For whatever good that will do us. It's got a nice bridge, we hear.

After our crowning and the first mass, we set about our grand work. Our largest priority is keeping the Turks from conquering any more of Europe, and, in time, expelling them from the parts of Europe that they currently hold.

To help with this endeavor, we have seen it beneficial to make several alliances.



The alliance with the Austrians is by far the most important. They have full Papal support to keep the Ottomans out of Europe, and they will make a powerful ally to help stabilize Europe if a conflict between great powers would erupt. They can be the janitors of Europe, in this regard.

No offense intended.

The alliances with Portugal and Bohemia are for the protection of the Vatican, and the alliance with Milan is for the purposes of stabilizing Italy. People call us crazy for daring to dream of one, united Italy.

Which, ah, may have been a bad idea...



Perhaps Italy will never be united.
 
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Let God's will be done! Only the Popes of Rome have the right to rule all of Italy! If they can survive that long, of course.
 

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Act I: Chapter II; The War of Lombardy​

While it is true that the Papal forces are outnumbered, it is no matter! God is on our side. The Holy Father shall smite those that stand against us. I shall personally lead the Papal Army. However, the first battle of this war shall be at sea! Our great fleet, including five Galleys, shall attack the Venetian fleet blockading the Milanese ports.



We outnumber them, surely God shall smite the enemy sailors, whom dare to fight the navy of the Supreme Pontiff.



Or perhaps not. God has punished me for my hubris! Oh Divine One, forgive us for our pride! Please, Supreme One! Give me the strength to lead to lead our armies on land, and blast Venice to smithereens, who surely is thy enemy as well! Amen.

In the next few months, we lead our great army north, through Urbino. Surely, by uniting my land forces with that of the Milanese, we can obliterate the Venetians. We can circle around Milan, strike the enemy force in the rear, and-

("Your Holiness?")

(What is it, Caprancia?)

("Word from the front.")



I'm starting to think this Milanese alliance really was a bad idea.

Okay, plan two. We bring our army back to Rome, defend the capital, and raise some mercenaries near Bologna to attack Florence from the north. With troops from Urbino, I'm sure we can outnumber the Florentines. Damn Medici. If I march around from Rome after that, we can sack Florence, and-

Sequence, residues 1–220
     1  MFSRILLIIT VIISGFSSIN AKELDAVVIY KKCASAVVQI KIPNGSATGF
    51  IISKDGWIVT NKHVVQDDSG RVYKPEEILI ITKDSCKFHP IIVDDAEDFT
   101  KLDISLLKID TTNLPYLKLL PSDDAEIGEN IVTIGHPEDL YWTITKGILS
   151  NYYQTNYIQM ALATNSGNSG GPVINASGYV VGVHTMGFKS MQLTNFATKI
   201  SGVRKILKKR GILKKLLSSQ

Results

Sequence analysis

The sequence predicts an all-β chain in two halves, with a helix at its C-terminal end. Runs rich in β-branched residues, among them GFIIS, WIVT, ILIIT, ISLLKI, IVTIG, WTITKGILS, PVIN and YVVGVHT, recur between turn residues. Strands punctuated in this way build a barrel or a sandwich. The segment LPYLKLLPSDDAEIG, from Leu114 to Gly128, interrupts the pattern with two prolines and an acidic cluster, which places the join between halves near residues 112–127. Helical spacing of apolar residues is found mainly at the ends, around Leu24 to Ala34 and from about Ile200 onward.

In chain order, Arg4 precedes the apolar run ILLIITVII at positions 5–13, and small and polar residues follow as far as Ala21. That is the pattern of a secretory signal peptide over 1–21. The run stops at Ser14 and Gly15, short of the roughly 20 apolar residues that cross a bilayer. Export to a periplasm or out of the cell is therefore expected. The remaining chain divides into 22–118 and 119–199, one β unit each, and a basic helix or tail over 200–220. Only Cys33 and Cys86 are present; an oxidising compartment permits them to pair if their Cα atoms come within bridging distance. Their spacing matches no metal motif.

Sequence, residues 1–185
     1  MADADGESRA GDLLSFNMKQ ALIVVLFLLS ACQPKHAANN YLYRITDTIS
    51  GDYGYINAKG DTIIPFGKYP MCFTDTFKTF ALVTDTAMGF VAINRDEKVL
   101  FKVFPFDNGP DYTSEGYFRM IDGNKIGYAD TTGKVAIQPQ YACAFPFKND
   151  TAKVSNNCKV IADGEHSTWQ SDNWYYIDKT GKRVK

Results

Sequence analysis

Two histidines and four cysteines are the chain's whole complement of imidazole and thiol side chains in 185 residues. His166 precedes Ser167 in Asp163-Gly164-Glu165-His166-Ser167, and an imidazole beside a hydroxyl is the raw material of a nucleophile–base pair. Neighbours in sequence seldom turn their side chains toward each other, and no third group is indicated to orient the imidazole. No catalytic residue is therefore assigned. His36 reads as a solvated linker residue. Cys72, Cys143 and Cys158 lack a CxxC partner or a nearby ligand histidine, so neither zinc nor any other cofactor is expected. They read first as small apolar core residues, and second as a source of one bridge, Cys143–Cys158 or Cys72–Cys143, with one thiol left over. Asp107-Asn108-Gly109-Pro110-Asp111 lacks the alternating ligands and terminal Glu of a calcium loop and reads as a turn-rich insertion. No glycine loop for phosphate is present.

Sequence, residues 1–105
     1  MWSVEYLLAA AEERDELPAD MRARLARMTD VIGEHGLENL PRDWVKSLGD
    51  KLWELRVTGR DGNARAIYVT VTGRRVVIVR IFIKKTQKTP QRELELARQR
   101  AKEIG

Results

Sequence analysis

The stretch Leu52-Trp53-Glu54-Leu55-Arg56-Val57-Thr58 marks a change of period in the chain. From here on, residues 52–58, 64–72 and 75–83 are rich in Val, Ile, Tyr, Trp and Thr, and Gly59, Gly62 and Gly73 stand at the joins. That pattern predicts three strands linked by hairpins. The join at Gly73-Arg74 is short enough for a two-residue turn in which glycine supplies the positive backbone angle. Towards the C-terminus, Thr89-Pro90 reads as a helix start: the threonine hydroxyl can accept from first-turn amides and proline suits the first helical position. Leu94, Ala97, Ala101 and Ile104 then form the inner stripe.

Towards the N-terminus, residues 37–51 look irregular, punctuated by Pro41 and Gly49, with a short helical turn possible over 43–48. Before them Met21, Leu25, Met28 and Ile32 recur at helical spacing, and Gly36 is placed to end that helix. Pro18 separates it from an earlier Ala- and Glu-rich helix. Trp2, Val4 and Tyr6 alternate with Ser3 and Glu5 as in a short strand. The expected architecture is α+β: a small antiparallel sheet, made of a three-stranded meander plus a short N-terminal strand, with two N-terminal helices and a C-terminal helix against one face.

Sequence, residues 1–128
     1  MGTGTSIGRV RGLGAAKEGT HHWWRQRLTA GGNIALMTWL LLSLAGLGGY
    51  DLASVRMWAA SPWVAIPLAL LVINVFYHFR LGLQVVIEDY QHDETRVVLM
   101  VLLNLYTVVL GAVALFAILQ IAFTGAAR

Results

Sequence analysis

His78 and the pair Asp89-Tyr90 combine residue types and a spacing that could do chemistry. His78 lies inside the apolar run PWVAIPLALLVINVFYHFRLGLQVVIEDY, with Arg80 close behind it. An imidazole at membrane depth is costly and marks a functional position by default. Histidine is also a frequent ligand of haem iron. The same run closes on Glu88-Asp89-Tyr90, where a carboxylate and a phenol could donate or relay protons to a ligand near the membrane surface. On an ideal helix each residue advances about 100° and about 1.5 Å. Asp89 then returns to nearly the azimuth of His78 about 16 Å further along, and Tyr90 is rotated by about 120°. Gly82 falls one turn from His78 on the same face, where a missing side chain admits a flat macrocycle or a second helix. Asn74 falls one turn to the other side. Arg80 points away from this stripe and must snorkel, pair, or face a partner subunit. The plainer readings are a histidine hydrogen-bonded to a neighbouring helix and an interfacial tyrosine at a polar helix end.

("Your Holiness,")

(Yes, Caprancia?)

("Word from the front.")



Damn it, Caprancia! Caprancia, raise the militia, get more mercenaries from Bologna outside the Romagna! Then we can-, Caprancia? Caprancia?

...He fled the city.

Well, we shall stay and fight, until the bitter end! For the Cross!


DUN DUN DUN
 

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Act I: Chapter III; Slipping Rome into Something More Comfortable

So, in the end, we managed to save Rome. It really wasn't that hard. We were in our study, when we realized something. Venice loved money! And that, that was the key to saving Rome. What Rome lacked in physical currency, it could more than make up for in promises.



All we had to do was release the city of Avignon, with it's nice bridge, and Rome would be safe! Ah, and grant Venice the sole rights to tax that bridge and fill their coffers with its money, of course.

Really, it wasn't a bad deal to save Mother Rome.

As for peace with Florence and Savoy? Well, that was even easier.

All we had to do was hold out long enough, and the vile Milanese would end the war by surrendering, soon enough.



Ugh, we detest the Milanese, souring Rome's glory. They will surely suffer God's eternal vengeance.

But enough of that, war is a disgruntled business. It-

("Your Holiness!")

(Cardinal Caprancia! You came back to the city! Shut up. Ah, how we missed saying that.)

("News from the front!")

(We swear to God, Caprancia- and yes, we are allowed to say that.)



Ooh, look! It's time for vengeance. Let us pray.

Father, who art in Heaven.

Hallowed be thy name.

Thy Kingdom come.

Thy will be done,

on earth as it is in Heaven.

Let me forge thy Kingdom

by crushing the Venetians

whom surely you hate as much as you love.

Amen.



As you can see, our army critically besieges Parma, which, is a turning point in the war. Without it, Venice cannot reach a critical port on the opposite side of Italy, and-

("Your Holiness?")

(Yes, Caprancia?)

("You know Austria did all the work.")

(Shut up, Caprancia. This is the Lord's work.)



Haha, that sure showed those Venetians.

But in the meantime, aside from the constant wars that have plagued the Holy City, we have been governing the city. We have ensured an equal position, and a just one, in the affairs of the people, for we are the Vicar of Christ, and shall pass down his laws.

As well, we have been licensing the press. Better control over the masses ensures a better kingdom of God on earth. Personally, we blame the Venetians for this vile incursion of texts and filth into the hands of the every-day masses. They are more concerned with gold than God, and for that they shall be punished.



However, the greatest work we have done comes shortly before our tenth year as Pope. Our loyal Duke of Urbino has been terrified by the emerging power of Florence and Venice, and thinks our proposal of direct incorporation into the Papal States is of paramount importance.

Truly, it is God's will that we should reign directly over more lands, and spread the great glory of His name throughout all of Italy, as one united state, ready to receive His will.



And really,



Italy looks better this way.